RIght Worsh. hauing beene licensed some yeare agoe (according to the auncient laudable cu∣stome of the Uniuersitie) to interpret S. Pauls Epistles: and then earnestly intreated by M. Perkins his Executor, and others his friends, (which had some interest in me) to supplie that which was defectiue in his Commentarie vpon the Galatians: ouercome at the last by their importunitie, I vnder∣tooke the busines, making triall of my simple facultie in this short Chapter, which I haue here according to my poore talent, finished: Yet not daring to publish it to the view of the world, without prmi∣sing somewhat in way of excuse for my boldnes. For if Hirtius or (as others thinke) Oppius, beeing importuned by his friend to continue the Commentaries which Caesar left vnfinished, durst not presume to * make a Supplie, without making first an Apologie for himselfe, for attempting to take in hand so great a taske, seeming therein to com∣pare with him who was incomparable: Iust cause haue I to excuse my selfe for this my bold attempt, in vndertaking to equall him who in the iudgement of all (saue such, as esteeme of Writers by tale and not by touch) is so substantiall, concise, exact, methodicall, that (as it is said of Caesar) he hath discouraged wise men from writing.* But seeing J doe not in the vaine confidence of mine owne sufficiency, or exactnes of the worke, proclaime a chalenge to all mens censures: nor yet take vpon me (as * some haue don in other writers) so to carry the Author along that the Reader shall not perceiue but that he is still reading him, nor know where he endeth, or where I beginne (for that beeing impossible to attaine, were follie to attempt:) but oenly to finish that which otherwise should haue bin imperfect, to satisfie the request of my friēds, & to helpe forward the Lords building, though not as a master builder with hewen stones, or polished Saphirs: yet as Page  [unnumbered] a seruer and vnderlabourer as it were with a handfull of rubbish. I hope I shall obtaine (at least) this fauourable construction, to be thought as farre from vanitie herein, as my conscience doth witnesse with me I did it in simplicitie, and without affectation of singularitie. And if it were no presumption in Gillebertus to finish Bernards Sermons vpon the Canticles, nor in Clichtoveus to supplie * foure bookes which were wanting in Cyrils Commentaries vpon Iohn, nor in Wolfius, Reuterus, and other moderne writers, to continue the Commentaries of Martyr, Zanchius, &c. but rather workes wor∣thie great commendation, and deseruing well of the Church of God: I trust it wiil not be imputed to me as a vice, which in others is ac∣counted as a vertue. Further, if I shall seeme to any with the vn∣skilfull limmer to haue ioyned humano capiti, cervicem equinā, in that I exceede as much the other part in prolixitie, as! come short of it in dexteritie, I hope I shall the more easily obtaine pardon, con∣sidering it was my first draught, not hauing taken pensill in hand be∣fore: and seeing the worke which I was to finish was caput Vene∣ris, the faire face of Uen••s, I chose rather (because I could not hit of the iust proportion which J aimed at) to exceede measure a little, then to be defectiue: thinking thereby to sute them the better, seeing beautie or fairenes (to speake more properly) consists only in greatnes, as the Philosopher saith. And some perhaps may think that it falleth * out well, in that I haue giuen it more bodie, because it had lesse spi∣rit. But what others thinke or say (for as in other things, so in this, lookers on will haue their words) it skilleth not, so I may haue the ap∣probation of the godly and well affected Reader: especially your Wor∣shipfull ••tronage, to whome I humbly commend it, as the first fruits of my labours, a simple floure growing in a schollars garden: desiring it may be suffered to grow either in the shadow or sunneshine of your protection, that so of the godly it may be better accepted, and of the caterpiller the lesse touched: (those I meane which will correct the Uerbe before they vnderstand the Nowne, condemning that which they ought rather to commend, at least which they cannot amend.) Uouchsafe therefore Right Worsh. to receiue this poore present, as a pledge of my vnfained loue, and humble dutie: and a testimonie of my thankefulnes to God for his manifold graces of prudence, iustice, sobrietie, meekenes, humilitie, liberalitie, bestowed vpon you, especi∣ally your loue of his truth, and continuall meditation in his word: which was the thing that mooued me, (all by-respects st aside) to of∣fer this Commentarie to your view, and to haue it graced with your Page  [unnumbered] countenance: that by this meanes I might the more stirre vp and kindle (if it were possible) your loue and liking of the word, by adding fewel to the fire, and oyle to the flame. It is recorded of Theodosius the second, that he writ the New Testament ouer with his owne hand: and of Alphonsus King of Spayne and Naples, that he read the Bible 14 times ouer with the ordinarie Glosse, (the best helpe he had in those daies.) And J doubt not but that you will per∣use this exposition at your leisure, and still continue to reade the holy Scripture as hetherto you haue done, and so be answerable to that which is voiced of you, and to that extraordinarie com∣mendation which your faithfull Pastour hath often giuen of your diligence and dexteritie in that behalfe. Now let me adde this one thing, that though there be not the like efficacie in a dead let∣ter, that is in a liuely voice, yet the bare reading of the Scripture is of great and singular vse, which may appeare by this, that it is so often commanded by pre••pt, & so highly commended by the practise of the Saints; and so straightly forbidden, as by cruel Antiochus, so * by the Romane Antichrist: neither dare I denie but that God hath and doth vse it, not onely as a meanes of edification, but also of wor∣king the conuersion of many of his seruants, as Augustine confesseth * of himselfe, that he was conuerted by reading, that place in Paul Rom. 13. 14. conuerted (I say) not as a heretike onely which is re∣claimed from his erronious opinions, but as a lost sheepe which is re∣duced and brought home from the errour of, his way. Notwithstan∣ding, in reading the Scripture to goe alone is not so safe: a guide therefore is necessarie (as the Eunuch confesseth) which may be as * the Mercurialis statua, to point a man to the right way. And this guide is either the outward, or the inward guide: the outward guide (I speake of reading onely) is a Commentarie, especially such a one as a sanctified spirit hath much breathed vpon: seeing it is the best learning the Theorick of him which is skilfull in the Practicke. The inward guide, is the spirit of Reuelation, which dwelleth onely in a humble, docible, and obedient heart, which whosoeuer bringeth hath apromise that he shall know the truth, Ioh. 7. 17. and vnder∣stand the secrets of God, Psal. 25. 14. and without which the Scrip∣tures are but as a Riddle or a clasped booke. For the full and per∣fect knowledge of the word consisteth (as Epiphanius saith) in vn∣derstanding,* and feeling, that is, not in bare speculation onely swim∣ming in the braine, but in a sensible sauing knowledge sinking into the affections of the heart: and by this latter the comfortable meaning Page  [unnumbered] of the Scripture is better vnderstood, then by all the speculations of the most curious Skep••kes: as the sweetnes of honie is better knowne in a moment by him that tasteth it, then by those that spend many houres in the contemplation and discourse of it.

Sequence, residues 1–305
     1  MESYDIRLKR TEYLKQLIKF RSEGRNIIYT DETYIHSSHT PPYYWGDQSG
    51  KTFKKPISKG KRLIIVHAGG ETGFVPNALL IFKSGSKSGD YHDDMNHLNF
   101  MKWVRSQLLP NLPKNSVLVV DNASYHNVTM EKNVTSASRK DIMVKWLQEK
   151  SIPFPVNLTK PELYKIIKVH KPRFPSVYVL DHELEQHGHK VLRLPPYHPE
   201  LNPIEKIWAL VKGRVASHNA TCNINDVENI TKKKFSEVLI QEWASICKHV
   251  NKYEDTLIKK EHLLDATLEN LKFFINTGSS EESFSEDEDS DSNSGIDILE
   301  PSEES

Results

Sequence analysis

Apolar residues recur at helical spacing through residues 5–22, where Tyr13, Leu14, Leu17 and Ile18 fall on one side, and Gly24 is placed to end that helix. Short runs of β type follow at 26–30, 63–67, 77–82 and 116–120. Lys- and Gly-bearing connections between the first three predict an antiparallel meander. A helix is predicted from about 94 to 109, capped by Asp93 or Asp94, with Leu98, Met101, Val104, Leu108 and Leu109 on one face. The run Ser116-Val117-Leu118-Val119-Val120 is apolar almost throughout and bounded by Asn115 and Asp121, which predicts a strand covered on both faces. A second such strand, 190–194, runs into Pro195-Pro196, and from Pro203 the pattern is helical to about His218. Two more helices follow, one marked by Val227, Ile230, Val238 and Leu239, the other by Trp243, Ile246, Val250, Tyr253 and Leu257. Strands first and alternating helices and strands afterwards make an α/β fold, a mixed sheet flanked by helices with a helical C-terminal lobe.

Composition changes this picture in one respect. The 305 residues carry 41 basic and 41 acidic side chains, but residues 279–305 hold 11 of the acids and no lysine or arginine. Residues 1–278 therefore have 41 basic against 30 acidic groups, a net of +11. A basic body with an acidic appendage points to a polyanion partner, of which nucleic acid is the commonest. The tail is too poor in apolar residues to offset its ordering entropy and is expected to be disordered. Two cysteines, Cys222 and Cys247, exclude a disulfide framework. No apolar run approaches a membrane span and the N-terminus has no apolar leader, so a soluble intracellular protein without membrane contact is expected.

But I forget my selfe very much in taking vpon me to read a le∣cture to such an exercised scholler in the booke of God. Therefore without further insinuation either for pardon for my boldnes, or ac∣ceptance of my paines, I commend you to God, and to the word of his grace, which is able to build you further, and giue you an inheritance among all them which are sanctified. From Emanuel Colledge. August. 13. 1604.

A louer of your Worships vertues, in all dutie to command, RAFE CVDWORTH.